Politicians' NGOs get 52 of 215 HRD resource centres
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In a blatant trend of the government favouring organisations linked to politicians, almost a quarter of the Jan Shikshan Sansthans (JSSs) approved by the Human Resource Development ministry since 2000 have been found to belong to leaders of key political parties or their relatives and friends.
These sansthans were launched as Shramik Vidyapeeths in 1967 and are district-level resource support agencies, especially for organising vocational training and skill development programmes for neo-literates and other target groups of the continuing education programme.
The HRD ministry gives Rs 25-35 lakh per year to each JSS for recurring expenses, Rs 10-15 lakh per year for non-recurring expenses, and a one-time building grant of Rs 20 lakh.
Since 2000, the NDA and its successor UPA government have allowed NGOs to set up 215 of these institutions across the country, taking the total number of JSSs to 271. At least 52 of the 215 are controlled by politicians or their near and dear ones, including 30 with Congress links and 17 with BJP links, The Indian Express has found.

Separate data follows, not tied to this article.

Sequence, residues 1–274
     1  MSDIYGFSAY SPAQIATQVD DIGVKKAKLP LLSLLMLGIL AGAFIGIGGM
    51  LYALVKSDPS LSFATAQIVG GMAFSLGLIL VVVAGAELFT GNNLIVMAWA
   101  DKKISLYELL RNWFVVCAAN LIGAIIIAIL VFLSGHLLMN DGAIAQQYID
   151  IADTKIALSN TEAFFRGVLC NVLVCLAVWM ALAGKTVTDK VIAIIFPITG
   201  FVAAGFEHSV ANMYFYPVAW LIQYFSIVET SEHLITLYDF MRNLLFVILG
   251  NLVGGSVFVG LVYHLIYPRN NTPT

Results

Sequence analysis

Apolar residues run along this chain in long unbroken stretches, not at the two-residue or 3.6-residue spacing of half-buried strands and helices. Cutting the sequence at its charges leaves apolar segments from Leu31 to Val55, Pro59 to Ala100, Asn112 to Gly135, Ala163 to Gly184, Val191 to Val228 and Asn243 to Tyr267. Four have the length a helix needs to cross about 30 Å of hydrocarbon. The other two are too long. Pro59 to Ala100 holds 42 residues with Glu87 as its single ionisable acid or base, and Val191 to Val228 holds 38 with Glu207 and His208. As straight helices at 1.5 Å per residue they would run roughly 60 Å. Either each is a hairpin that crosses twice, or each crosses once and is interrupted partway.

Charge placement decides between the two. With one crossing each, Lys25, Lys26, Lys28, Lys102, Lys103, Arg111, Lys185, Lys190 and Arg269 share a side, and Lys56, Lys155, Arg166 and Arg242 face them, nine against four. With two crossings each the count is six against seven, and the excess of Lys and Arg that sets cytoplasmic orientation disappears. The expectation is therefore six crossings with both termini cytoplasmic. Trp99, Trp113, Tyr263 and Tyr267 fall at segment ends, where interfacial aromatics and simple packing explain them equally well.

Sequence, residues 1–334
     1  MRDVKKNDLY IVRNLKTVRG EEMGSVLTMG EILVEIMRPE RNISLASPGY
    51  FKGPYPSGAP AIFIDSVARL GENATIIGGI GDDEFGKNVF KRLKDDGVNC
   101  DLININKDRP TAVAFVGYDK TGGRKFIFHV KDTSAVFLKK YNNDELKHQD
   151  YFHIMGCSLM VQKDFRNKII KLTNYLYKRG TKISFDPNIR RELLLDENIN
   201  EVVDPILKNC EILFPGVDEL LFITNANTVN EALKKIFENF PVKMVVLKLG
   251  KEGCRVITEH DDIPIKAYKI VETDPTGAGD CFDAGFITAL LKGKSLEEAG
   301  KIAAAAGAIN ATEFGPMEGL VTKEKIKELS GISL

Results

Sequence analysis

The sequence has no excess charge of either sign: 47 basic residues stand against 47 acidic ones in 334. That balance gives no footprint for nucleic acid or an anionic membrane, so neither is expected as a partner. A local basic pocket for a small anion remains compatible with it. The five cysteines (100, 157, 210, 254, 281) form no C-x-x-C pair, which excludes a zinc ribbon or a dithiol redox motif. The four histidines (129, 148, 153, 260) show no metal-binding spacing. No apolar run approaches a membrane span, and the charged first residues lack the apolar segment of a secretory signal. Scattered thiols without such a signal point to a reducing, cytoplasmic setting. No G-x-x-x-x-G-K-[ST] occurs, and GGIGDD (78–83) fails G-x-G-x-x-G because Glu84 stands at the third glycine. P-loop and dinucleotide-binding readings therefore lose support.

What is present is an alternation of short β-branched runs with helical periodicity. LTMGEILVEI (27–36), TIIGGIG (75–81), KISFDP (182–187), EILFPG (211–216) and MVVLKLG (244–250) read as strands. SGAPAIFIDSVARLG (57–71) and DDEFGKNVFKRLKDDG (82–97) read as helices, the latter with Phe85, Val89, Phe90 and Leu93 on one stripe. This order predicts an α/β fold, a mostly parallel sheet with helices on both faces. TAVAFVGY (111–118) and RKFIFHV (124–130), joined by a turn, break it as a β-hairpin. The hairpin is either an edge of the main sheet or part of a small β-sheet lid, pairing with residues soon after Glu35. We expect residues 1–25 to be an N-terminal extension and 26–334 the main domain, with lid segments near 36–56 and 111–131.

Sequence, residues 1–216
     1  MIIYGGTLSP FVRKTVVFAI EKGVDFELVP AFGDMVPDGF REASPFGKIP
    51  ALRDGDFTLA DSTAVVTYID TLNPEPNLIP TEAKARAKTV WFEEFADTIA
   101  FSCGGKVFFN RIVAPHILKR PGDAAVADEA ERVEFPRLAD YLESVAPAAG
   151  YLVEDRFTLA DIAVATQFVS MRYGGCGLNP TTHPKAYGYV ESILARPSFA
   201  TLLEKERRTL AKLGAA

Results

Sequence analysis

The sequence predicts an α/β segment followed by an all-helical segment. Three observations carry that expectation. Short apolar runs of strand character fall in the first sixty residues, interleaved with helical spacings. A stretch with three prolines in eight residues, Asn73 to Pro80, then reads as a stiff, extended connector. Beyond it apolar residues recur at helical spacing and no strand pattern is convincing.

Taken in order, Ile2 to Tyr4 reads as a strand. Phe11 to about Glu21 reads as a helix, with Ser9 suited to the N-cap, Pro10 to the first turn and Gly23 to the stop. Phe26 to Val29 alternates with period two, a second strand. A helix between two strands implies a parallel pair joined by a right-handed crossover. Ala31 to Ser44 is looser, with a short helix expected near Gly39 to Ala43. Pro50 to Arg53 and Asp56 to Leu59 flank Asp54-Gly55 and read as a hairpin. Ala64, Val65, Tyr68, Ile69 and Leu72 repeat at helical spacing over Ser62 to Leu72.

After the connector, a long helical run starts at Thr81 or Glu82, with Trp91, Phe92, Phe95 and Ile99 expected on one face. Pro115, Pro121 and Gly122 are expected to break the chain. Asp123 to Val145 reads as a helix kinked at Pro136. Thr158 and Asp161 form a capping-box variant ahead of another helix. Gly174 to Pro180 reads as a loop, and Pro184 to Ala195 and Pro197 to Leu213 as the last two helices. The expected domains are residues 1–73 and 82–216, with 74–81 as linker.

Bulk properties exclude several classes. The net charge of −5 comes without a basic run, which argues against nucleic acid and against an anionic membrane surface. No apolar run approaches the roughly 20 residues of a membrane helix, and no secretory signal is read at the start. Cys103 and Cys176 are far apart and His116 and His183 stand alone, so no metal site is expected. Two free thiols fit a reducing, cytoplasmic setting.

The pattern of approvals since 2000 shows that the HRD ministry under both the NDA and the UPA governments favoured NGOs that were close to the ruling establishment. When Murli Manohar Joshi was HRD minister, NGOs belonging to BJP leaders or their relatives and friends were favoured with JSS approvals. Similarly, Congress members or those close to them gained when Arjun Singh was HRD minister in UPA-I.
In fact, when Kapil Sibal got the portfolio in UPA-II, he could not sanction a single JSS as his predecessor Singh had exhausted the entire quota of 73 sansthans available in the 11th five-year plan.
The process of selecting most of these organisations was not fully transparent, The Indian Express found on inspecting information obtained under the RTI Act. Although there are detailed qualifications for NGOs that desire to run a JSS and clear guidelines to select them, they were not publicised through advertisements. This, officials said, limited applicants to a circle of NGOs working closely with the HRD ministry or those linked to politicians.
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